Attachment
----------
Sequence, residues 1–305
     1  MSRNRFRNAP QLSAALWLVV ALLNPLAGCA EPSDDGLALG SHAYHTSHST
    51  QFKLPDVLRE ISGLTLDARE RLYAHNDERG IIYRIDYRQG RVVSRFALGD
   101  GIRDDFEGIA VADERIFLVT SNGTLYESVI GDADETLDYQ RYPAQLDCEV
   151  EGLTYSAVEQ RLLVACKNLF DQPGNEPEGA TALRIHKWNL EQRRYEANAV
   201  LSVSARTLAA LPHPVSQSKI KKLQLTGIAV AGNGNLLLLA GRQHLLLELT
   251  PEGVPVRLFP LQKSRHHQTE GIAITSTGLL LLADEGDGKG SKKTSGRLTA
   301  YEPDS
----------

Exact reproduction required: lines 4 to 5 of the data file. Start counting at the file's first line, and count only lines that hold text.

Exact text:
   101  GIRDDFEGIA VADERIFLVT SNGTLYESVI GDADETLDYQ RYPAQLDCEV
   151  EGLTYSAVEQ RLLVACKNLF DQPGNEPEGA TALRIHKWNL EQRRYEANAV